5 ways to organize your child's artwork
A child’s artwork is one of the most common types of clutter for a busy parent to contend with. Not only does it just keep accumulating, but since it is something that your child makes, you tend to feel compelled to keep it around.
While covering your refrigerator with all those “paintings” might be good for your child’s self-esteem, there are solutions that allow you to foster your child’s creativity and keep your home clutter-free.
1. You don’t have to keep everything.
Yes, I am officially giving you permission to “edit” the collection. Recognize that you are honoring your child’s creative impulses by being selective. When everything is special, nothing is special.
2. Keep this, toss that.
The general rule of thumb is to keep three examples of artwork per year per child. As a mother myself I know this seems a bit extreme, but I do like to use it as a guideline when choosing a number that makes me a bit more comfortable.
The logic behind it is understandable: if you save 10 items per kid per year, and have three children, then after only five years you have to contend with 150 macaroni necklaces, scrap paper scribbles, and tissue paper flower collages. I say five to seven is a more realistic number – for now.
So how do you determine what makes the cut? Here are some ideas: Artwork that reveals important milestones, like the first time your daughter writes her name, are always good to keep.
Self-portraits that really bare a resemblance your child will be fun to look at later, as will artwork that provides insights into your child’s personality at that point in time.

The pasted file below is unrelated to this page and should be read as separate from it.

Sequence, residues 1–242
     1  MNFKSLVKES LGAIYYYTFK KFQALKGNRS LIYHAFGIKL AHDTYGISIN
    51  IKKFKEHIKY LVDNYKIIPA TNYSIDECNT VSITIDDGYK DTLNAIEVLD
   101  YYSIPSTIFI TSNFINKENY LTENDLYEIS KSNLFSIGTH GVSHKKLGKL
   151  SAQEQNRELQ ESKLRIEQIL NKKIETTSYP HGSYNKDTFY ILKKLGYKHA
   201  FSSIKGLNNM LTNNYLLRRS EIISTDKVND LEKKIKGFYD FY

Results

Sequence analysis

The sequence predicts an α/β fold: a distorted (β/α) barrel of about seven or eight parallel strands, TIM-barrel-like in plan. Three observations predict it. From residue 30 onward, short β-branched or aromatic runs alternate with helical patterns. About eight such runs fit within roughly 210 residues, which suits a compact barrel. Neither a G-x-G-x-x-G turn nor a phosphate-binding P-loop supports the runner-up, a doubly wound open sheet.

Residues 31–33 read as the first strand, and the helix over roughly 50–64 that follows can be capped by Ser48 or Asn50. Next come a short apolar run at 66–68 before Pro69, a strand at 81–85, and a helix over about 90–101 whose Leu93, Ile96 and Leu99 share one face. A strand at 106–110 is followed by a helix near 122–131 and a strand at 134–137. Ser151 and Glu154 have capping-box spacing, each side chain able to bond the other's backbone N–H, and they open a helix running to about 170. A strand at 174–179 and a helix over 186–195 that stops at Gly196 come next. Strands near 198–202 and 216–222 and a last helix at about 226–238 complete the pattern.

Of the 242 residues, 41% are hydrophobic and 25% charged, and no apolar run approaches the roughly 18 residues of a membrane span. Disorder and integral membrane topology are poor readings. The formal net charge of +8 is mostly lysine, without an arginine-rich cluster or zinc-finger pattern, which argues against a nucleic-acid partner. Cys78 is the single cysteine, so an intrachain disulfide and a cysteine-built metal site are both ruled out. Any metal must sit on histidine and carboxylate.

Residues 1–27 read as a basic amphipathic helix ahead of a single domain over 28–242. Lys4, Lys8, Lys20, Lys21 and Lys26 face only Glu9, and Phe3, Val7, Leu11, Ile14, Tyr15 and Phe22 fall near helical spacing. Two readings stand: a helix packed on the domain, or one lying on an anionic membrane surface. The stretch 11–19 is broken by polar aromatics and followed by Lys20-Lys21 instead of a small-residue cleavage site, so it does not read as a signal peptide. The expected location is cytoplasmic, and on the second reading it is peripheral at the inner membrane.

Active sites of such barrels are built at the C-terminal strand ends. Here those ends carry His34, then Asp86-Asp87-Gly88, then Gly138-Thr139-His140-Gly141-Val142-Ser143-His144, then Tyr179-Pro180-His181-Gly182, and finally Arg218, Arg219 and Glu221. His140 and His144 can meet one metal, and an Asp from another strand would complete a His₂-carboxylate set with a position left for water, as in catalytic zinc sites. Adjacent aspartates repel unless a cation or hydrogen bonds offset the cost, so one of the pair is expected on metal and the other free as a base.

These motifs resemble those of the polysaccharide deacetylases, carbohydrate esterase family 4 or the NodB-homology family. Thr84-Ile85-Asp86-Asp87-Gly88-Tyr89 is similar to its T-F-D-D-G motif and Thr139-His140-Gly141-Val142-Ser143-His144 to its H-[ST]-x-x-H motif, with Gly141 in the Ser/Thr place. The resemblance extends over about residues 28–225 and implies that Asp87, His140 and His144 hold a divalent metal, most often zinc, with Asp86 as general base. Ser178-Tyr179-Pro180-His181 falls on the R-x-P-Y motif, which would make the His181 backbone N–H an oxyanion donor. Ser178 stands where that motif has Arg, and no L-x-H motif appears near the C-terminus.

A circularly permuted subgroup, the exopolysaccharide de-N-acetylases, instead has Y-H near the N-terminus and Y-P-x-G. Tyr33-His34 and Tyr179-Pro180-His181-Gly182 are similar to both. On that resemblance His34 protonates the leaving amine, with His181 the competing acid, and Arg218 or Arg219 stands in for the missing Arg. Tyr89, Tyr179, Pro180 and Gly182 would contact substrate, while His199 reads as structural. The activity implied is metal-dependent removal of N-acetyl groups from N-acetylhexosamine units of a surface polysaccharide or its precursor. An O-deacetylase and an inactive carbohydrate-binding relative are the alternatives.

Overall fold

You also might not want to part with items with special sentimental value, like that collage made from leaves gathered on a mid-autumn family stroll. Basically, toss anything that is not truly special and unique.
3. Honor your child’s artwork.
Once you have whittled down the pile, create a special area in your child’s bedroom or playspace to display some of these artworks. Affix cork squares in a row along an empty wall, or create a unique design using magnetic paint.
Systems like these allow artwork to be changed easily and frequently and give these items a distinct home.
4. Let your child play curator.
When your child hands you his most recent creation, provide the requisite “oohs” and “ahhs” and ask if he wants to hang in it his “art gallery.” If the answer is yes, place it there. If the answer is no, then set the picture aside and, when he is not looking, toss it.
Again, don’t feel guilty – if it is not important to him, it does not need to be to you. Empowering your child to make decisions like this will get him invested in the organizing process and teach him valuable lessons about managing his things.
5. Manage long-term storage.
Inevitably, you are still going to have more artwork than you will have room to display. Use an under bed storage box to store your “keepers.” This container is large enough to hold over-sized pieces of paper and can neatly fit under your child’s bed.
Now, here is the key to the system: when the container fills up, resist the urge to buy more containers. Instead, revisit step two and edit the contents.
With the passage of time, certain artworks will no longer seem as important as they once did and letting them go to make space for other things will make more sense.